Monday, January 24, 2005

The Cancer Chronicles - Take 3

After making her astronomically, insensitively delivered blow, Dr. Piece of Shit finally paused to ask if I was still on the line. I wasn’t able to answer right away. My memory is slightly distorted and when thinking back, I picture myself death gripping the steering wheel with both hands. But that can’t be the case since I was holding the phone with one. I realized I was travelling down the center of the street and blinked hard to refocus.

I righted my car and stopped its plunge into a line of bumpers. A physical reaction began like I’d never felt before. In the same instance, I was hyper-aware of certain elements of my surroundings and a completely void of emotion. The brightness of the sun became blinding. The hum of my tires deafening. The smell of my lunch nauseating. Yet I couldn’t see, or breathe, and I felt nothing. Absolutely nothing. For a fleeting, infinitesimal, delicious moment. A moment I will crave for the rest of my life.

I had lost my center vision and can only recall seeing peripherally down the road. Just as described by most people who have faced instantaneous life-threatening danger, everything seemed to move in slow motion. Some alternate reality as I plunged into a realm of terror I’d never experienced.

I was conscience of the fact that I wasn’t feeling anything and how that was so very odd. And although it’s bad timing for this analogy, I can only equate this strange retreat from my only known reality like a giant tsunami. The tide was instantly drawn out past the horizon leaving the sea floor barren and starving. Then, without warning, in another second, it all came rushing back over me with a force that felt like my heart had literally stopped and I gulped for air like a suffocating fish. If I had died at that minute it wouldn’t have surprised me. And there would be times when I wished I had.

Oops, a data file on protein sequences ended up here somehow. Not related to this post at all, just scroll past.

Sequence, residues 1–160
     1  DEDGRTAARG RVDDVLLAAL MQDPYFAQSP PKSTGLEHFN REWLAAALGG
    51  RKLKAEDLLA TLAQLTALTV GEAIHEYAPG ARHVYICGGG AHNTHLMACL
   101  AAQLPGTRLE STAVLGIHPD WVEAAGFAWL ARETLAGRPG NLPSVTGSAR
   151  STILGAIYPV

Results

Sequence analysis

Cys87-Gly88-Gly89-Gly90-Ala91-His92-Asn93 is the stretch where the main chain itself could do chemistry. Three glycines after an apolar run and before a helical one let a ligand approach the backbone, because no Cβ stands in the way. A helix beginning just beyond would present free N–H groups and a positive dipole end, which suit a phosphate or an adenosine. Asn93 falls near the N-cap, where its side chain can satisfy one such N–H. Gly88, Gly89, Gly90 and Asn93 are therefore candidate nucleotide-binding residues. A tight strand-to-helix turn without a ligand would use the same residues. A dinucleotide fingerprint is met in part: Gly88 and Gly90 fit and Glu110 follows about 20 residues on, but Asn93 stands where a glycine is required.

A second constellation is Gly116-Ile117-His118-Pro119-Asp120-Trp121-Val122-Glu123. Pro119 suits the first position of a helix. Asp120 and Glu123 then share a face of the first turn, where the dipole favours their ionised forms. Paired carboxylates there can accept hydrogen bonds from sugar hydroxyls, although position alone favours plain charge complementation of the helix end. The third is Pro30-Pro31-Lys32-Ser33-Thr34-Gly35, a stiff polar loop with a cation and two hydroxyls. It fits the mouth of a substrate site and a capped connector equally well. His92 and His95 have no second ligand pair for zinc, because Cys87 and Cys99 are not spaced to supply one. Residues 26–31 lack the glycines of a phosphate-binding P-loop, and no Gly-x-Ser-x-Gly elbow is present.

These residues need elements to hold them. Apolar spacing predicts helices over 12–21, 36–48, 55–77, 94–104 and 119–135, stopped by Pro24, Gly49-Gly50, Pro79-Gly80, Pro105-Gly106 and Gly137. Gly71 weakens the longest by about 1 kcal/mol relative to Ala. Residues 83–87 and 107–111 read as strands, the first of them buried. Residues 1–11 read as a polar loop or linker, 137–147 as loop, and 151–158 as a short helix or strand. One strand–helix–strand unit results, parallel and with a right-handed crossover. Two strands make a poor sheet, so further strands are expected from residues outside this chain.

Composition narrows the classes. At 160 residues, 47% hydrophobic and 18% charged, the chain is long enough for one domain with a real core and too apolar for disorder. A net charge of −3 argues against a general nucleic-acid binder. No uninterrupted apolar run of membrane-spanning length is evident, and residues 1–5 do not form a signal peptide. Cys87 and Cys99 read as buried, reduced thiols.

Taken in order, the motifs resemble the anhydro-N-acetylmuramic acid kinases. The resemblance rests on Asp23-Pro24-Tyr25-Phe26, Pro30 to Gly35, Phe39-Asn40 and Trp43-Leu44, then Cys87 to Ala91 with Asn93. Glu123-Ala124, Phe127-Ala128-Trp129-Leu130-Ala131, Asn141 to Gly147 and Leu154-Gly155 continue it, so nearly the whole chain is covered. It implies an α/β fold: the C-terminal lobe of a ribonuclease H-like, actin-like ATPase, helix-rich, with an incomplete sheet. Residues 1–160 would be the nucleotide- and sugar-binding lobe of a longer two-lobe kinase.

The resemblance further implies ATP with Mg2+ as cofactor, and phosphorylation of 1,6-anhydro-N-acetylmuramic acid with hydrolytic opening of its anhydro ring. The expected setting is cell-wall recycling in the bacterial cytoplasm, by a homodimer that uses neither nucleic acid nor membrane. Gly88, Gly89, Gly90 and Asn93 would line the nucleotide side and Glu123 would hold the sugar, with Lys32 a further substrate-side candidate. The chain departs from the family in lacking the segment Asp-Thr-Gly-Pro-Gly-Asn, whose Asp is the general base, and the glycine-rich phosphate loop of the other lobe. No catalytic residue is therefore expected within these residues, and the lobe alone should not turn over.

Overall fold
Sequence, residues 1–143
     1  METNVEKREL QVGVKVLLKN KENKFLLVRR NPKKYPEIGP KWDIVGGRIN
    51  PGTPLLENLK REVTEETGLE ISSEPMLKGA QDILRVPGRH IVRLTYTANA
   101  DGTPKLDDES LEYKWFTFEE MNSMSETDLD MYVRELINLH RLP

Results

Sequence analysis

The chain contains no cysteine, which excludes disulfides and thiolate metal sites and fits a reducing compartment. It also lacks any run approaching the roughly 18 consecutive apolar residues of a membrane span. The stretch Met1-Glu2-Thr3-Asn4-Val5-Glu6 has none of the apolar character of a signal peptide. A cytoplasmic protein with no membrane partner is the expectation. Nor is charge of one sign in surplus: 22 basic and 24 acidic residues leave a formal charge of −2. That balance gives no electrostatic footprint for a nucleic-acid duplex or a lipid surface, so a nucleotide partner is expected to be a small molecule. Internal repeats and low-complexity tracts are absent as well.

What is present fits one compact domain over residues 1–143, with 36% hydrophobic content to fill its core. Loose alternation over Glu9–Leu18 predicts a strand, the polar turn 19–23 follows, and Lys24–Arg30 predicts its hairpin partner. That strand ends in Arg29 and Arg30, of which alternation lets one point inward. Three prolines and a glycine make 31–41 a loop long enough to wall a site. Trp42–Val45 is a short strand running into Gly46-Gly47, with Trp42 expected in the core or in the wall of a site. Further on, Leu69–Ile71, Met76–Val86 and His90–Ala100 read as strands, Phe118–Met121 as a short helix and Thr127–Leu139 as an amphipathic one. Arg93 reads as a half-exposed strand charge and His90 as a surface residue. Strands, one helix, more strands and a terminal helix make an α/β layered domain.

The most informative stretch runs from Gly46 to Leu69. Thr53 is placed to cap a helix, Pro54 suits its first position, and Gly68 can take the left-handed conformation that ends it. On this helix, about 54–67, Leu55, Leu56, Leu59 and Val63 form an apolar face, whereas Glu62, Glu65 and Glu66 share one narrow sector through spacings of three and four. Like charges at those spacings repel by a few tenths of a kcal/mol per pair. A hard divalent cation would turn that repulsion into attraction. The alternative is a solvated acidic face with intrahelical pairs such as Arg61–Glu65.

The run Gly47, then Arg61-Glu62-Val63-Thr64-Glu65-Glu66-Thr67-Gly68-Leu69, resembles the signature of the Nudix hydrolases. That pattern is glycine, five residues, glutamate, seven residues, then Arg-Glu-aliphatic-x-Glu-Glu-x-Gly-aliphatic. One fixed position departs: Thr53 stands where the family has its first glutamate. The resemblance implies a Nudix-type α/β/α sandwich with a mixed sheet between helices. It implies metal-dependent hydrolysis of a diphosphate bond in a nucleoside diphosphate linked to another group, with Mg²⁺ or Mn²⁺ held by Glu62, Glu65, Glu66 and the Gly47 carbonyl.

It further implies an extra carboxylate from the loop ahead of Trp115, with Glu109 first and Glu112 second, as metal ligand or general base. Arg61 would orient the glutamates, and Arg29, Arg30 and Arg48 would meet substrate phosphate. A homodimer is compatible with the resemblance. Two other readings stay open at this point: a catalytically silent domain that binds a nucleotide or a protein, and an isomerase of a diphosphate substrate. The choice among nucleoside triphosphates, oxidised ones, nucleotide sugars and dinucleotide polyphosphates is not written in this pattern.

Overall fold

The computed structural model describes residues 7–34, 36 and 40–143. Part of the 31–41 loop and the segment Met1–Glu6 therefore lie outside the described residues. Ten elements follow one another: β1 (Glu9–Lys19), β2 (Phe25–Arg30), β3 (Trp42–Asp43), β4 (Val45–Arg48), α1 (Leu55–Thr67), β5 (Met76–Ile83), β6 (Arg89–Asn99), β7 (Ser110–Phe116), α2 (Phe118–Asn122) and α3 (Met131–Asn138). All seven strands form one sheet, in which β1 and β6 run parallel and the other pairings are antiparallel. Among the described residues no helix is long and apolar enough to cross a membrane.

My body continued to react while my mind raced to catch up. Every fiber in my being began to vibrate with horror. My flesh broke out into an icy sweat. My ears pounding with the sound of blood rushing through my veins and my chest was heaving in painful, stilted contractions. It was so beyond any previous feeling of sickening despair I'd endured before. The kind that smothers your soul when you hear bad news. That midnight phone call announcing a death, a love affair over, a beloved pet gone for good.

The next thing I remember is sitting in my car, parked in front of my office building and I was arguing with the doctor with tears streaming down my face as I struggled to speak. When had it escalated to this? Even in a catatonic state I can still fight with someone being an asshole. She was saying something about how I “had” to contact a particular surgeon and see Dr. So and So, an endocrinologist. She committed the last infraction I was going to take. Off-handedly mentioning that this was not a "big deal", or something of that nature. Now I was waking up.